(Ed note: The following was written for the Clark County Bar Journal — a magazine for Las Vegas attorneys. Whether you’re a lawyer or not, you might find some of its life lessons interesting.)
Every day it seems, my respect for my chosen profession sinks a little lower.
I picked up the State Bar Journal yesterday and was disheartened to find, yet again, another three seasoned attorneys getting either disbarred or suspended from the practice of law. This is no longer a surprise to me, as it seems every month I see a familiar name of a practitioner being disciplined by the State Bar of Nevada.
These aren’t rogue lawyers or “bad boys” who got in over their heads (e.g., Nancy Quon, Rob Graham, et al), but experienced attorneys, with decades of practice under their belt — folks who get caught siphoning funds and taking advantage of clients. They aren’t wet-behind-the-ears newbies, but long standing members of good firms, or practitioners of (formerly) high repute who get caught up with either a difficult client, personal issues, or tough financial circumstances (usually a surf and turf platter of all three). Then, they start dipping into money that doesn’t belong to them, and their downward spiral becomes uncontrollable.
For these practitioners (and those who might learn from them), I offer a few words of wisdom.
1) Never, ever get sideways with a client. And when you do (it’s inevitable) cut your losses and run. So many bar complaints happen when a practitioner is owed money from a difficult client, pushes to get paid, and then gets a bar complaint thrown at him by a jerk who will say anything to get out of the debt. Many times their complaints are groundless, or perhaps there was something you should have done, but either way, the last thing you want is a team of lawyers dissecting every move you made to see if you breached some ethical tenet, or forgot some legal maneuver. The money isn’t worth it – either negotiate with the client and deeply compromise the bill, or walk away and say good riddance.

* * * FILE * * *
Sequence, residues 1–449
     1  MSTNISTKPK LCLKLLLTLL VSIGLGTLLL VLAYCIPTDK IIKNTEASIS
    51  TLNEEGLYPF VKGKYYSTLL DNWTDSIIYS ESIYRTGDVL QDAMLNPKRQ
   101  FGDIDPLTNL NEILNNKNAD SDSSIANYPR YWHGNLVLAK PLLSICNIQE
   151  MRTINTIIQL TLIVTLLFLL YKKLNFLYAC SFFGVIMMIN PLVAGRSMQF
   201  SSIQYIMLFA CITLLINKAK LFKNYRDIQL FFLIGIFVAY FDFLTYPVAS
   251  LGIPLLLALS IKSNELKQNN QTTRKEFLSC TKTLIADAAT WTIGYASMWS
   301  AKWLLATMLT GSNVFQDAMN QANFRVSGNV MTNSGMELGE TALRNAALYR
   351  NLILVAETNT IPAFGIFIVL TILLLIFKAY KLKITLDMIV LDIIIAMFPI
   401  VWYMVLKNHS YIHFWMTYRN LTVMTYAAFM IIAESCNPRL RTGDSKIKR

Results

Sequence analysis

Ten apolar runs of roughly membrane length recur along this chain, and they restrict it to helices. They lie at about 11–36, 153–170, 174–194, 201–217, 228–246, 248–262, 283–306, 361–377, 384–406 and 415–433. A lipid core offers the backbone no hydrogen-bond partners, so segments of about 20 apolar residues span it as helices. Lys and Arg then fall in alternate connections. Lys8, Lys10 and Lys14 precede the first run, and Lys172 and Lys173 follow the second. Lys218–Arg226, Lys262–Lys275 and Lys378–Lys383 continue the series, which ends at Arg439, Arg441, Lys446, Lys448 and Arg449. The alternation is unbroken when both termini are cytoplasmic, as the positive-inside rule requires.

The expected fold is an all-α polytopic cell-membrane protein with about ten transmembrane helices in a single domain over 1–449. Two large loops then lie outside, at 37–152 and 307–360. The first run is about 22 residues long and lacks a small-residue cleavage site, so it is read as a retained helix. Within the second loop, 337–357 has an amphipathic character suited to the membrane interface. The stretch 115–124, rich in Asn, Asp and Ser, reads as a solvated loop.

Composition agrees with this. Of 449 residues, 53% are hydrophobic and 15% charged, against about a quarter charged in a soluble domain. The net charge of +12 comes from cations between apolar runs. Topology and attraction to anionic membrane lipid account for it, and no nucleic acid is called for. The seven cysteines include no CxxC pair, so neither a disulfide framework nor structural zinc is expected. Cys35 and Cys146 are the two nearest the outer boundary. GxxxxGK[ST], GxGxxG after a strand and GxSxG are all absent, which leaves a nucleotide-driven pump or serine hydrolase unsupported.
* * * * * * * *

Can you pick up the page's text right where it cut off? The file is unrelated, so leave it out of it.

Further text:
2) Quit trying to be rich. Lawyers are one of only three classical professions — the clergy and doctors are the other — and the point of all three is that we are granted a privileged license and are supposed to serve a higher power other than just making money. As with the ministry and doctors, our livelihood is supposed to be secondary, even tertiary, to the protection of the interests of our clients. Doctors and lawyers and ministers are supposed to be comfortable (so they are free to attend to the needs of those who need them), but we were never intended, as a profession, to be rich. So many attorneys lose sight of this as they scramble up the practice ladder — seeking ever bigger salaries and payouts — all the while ignoring the fundamental calling of our job. Show me a lawyer who got disbarred for money mismanagement (or worse), and I’ll show you someone who wanted to be wealthy.
3) Get help. Whether it’s with your personal life or being in over your head with cases and clients, every bar association in America has a myriad of ways to help a struggling practitioner. This is the hardest one of all, because lawyers, by temperament, don’t like being told what to do. And most of our egos are so big, we always think we can figure it out, and work our way out. Many of us can (I know I did, but it took years of struggle and a little luck), but the problem just gets worse as you get older — making an admission of weakness all the harder. When you combine a big ego with substance abuse, large debt, and sloppy business practices, you have a recipe for disaster…especially if you think you have to make $300,000 a year.
4) Don’t be shy. Pay attention. Be a friend to your fellow attorneys. Look for signs of distress and don’t be shy about intervening if you think someone needs help. Many times you will be rebuffed, sometimes you may even lose a friend, but make the offer. I’ve personally known eleven lawyers who have committed suicide (including the man who gave me my first job as a public defender, and one of my former partners), and there was probably nothing I could’ve done to prevent any of them. But for a few, I kept my distance (out of respect, embarrassment, timidity, who knows?), and I deeply regret it to this day. Lawyers are also very good at hiding things like drug abuse and financial troubles, so the signs are often not there until it’s too late. But if you see something, or sense something, speak up….either to the person themselves or someone close to them.